That, in turn, leads to greater brain power on the whole. So, by multitasking, you can improve your brain power in the long term, which makes for more productive work.
Increases your employability
If you’re developing your skills or running a side hustle while you’re working your regular job, you can make yourself look more attractive to prospective employers.
For example, you may be managing a property portfolio alongside your day job, switching between your company’s online work space and tools like Sage property accounting software. Or maybe your side hustle is graphic design and you’re balancing a full-time career with designing logos with Adobe Illustrator software.
By multitasking, in this way, you can demonstrate a wide range of skills and your ability to work on multiple projects at once, making you a desirable candidate.
On top of this, multitasking can help you to develop skills that could help you change career or even turn your side hustle into your main source of income.
Helps you find a better work-life balance
When you get more work done in a single day, that means earning more money without sacrificing your free time to get tasks done. That leads to a better work-life balance.
In other words, multitasking helps you leave work at work, since you’re getting everything done within your office hours.
Multitasking: The cons
No approach to work comes without disadvantages. The following cons are associated with multitasking, and are worth considering before you start trying to multitask.
Constantly switching tasks is inefficient
Not everyone can find their flow in just a few minutes. For some people, it’s very ineffective to swap to a new task before the old one is complete, as they find that it disrupts their flow and makes it hard to concentrate.
Also, jumping into a new task and immediately making progress is not a universal experience. For those to whom this doesn’t come naturally, switching tasks regularly is very counterproductive.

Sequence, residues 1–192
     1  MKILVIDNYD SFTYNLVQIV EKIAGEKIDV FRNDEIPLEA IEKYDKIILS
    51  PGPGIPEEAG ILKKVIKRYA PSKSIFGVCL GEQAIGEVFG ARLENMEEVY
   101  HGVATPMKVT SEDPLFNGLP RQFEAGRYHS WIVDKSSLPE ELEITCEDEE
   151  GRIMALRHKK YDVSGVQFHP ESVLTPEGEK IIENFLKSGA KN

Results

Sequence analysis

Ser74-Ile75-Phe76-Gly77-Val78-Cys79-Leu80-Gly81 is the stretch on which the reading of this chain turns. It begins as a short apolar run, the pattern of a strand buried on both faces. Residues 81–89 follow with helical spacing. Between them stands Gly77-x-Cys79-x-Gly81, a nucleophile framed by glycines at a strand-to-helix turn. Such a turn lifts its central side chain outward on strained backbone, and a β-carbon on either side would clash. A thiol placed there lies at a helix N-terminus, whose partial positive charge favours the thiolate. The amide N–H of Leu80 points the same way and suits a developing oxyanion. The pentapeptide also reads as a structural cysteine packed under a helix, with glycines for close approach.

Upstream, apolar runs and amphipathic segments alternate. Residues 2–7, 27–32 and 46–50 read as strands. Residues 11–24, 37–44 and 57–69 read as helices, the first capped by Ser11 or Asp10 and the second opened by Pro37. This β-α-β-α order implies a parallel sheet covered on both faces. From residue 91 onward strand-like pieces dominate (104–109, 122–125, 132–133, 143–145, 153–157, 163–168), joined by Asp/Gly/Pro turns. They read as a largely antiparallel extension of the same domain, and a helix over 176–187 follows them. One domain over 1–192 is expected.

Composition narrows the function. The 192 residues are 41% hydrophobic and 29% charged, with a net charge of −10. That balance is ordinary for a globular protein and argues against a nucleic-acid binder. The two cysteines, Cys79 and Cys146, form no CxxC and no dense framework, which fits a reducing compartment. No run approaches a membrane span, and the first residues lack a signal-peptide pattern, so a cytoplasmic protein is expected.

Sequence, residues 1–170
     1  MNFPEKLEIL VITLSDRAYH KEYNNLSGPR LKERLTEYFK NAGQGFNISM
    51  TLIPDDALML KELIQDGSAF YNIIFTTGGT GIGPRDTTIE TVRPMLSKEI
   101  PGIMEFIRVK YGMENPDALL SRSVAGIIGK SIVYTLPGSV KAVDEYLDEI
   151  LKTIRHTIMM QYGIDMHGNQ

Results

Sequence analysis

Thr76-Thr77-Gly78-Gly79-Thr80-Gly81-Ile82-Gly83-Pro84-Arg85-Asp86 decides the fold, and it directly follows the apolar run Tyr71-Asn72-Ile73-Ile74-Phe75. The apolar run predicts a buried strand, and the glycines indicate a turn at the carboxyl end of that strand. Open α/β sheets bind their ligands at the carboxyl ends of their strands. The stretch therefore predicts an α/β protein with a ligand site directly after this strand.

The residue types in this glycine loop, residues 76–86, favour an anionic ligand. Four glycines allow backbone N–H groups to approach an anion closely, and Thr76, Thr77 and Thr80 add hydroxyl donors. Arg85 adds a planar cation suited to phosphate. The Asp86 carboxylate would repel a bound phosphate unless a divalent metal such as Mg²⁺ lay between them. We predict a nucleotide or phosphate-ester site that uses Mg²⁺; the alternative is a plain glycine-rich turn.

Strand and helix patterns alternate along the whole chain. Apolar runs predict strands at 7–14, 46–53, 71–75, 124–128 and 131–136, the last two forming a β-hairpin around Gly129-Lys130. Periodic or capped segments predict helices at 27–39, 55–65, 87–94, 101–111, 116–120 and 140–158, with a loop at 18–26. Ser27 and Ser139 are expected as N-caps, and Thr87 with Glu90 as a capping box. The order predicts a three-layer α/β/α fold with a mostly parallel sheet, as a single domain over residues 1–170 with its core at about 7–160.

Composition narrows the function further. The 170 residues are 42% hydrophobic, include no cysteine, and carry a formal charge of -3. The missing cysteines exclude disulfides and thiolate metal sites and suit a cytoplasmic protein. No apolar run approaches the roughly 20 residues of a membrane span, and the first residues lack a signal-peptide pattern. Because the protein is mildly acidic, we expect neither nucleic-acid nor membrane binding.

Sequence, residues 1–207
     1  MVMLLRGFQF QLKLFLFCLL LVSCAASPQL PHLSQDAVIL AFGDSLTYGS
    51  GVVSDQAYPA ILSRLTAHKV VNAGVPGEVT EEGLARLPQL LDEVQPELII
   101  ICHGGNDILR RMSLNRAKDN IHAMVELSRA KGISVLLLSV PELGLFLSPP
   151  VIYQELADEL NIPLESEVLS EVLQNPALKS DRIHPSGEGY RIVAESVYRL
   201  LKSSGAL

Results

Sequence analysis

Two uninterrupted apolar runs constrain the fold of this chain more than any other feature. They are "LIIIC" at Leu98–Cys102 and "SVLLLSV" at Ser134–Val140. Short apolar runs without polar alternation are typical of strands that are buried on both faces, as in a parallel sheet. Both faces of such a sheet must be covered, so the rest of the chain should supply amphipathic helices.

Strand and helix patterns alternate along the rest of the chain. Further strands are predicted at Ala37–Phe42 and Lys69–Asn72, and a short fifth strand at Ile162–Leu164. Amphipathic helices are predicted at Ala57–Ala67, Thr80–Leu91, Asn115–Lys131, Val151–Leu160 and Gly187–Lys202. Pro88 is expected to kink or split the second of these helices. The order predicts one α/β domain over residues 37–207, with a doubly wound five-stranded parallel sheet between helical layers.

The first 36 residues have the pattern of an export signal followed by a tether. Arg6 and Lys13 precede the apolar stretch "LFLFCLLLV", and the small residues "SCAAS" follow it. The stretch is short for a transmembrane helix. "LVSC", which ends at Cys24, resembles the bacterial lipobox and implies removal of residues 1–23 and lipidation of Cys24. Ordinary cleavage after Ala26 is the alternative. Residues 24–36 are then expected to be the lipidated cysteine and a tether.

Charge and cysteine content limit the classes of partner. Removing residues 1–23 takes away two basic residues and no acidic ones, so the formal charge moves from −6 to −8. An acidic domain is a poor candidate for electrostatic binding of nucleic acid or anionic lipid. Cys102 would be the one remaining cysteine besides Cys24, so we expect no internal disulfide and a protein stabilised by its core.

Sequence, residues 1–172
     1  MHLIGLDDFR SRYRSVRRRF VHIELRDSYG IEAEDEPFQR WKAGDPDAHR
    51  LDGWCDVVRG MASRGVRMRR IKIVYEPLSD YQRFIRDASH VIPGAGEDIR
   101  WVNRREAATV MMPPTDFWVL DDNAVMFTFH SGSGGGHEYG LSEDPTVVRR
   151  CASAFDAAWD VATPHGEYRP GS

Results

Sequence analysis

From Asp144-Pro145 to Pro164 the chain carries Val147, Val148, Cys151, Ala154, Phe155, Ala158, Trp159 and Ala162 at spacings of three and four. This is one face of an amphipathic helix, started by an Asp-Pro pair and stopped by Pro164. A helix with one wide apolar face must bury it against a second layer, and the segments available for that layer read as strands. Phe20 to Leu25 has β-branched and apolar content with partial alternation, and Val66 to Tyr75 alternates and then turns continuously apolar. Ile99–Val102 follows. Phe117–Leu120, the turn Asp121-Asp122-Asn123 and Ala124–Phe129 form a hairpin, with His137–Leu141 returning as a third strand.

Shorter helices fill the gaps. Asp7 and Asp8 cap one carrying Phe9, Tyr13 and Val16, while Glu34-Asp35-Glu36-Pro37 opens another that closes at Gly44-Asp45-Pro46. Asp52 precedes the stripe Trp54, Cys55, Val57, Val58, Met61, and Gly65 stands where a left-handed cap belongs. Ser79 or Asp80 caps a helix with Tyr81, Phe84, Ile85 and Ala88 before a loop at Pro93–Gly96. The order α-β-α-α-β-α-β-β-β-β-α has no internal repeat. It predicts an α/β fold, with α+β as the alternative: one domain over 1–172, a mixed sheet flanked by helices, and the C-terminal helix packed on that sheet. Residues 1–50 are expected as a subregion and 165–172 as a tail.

Can cause mental blocks
When your ideas are flowing for a specific project, the last thing you want to do is have to put a stop to those ideas just to force yourself to think about something completely different. This leads to mental blocks and makes it hard to finish tasks.
In fact, the mental blocks that come from switching tasks too much can drop productivity drastically:
Decreases periods of creativity
Creativity can’t flourish on command, and for many people, this means multitasking is impossible when creativity is required. They can’t force creative ideas to surface, so they can only work on tasks that don’t call for it, which means shortening periods spent being creative.
Reduces ability to collaborate
Having great teamwork in the workplace is vital. However, when everyone is hopping between tasks all the time, it’s tough for teams to make time to work together as a cohesive unit. Multitasking is more of a solo approach.
Weighing up the pros & cons
Multitasking deserves its place in the modern workplace–though it isn’t the end-all.
Many employees work more productively when they can switch between tasks at will, which means that letting them multitask increases both their satisfaction and productivity. That’s a valuable fact, and needs to be given due consideration.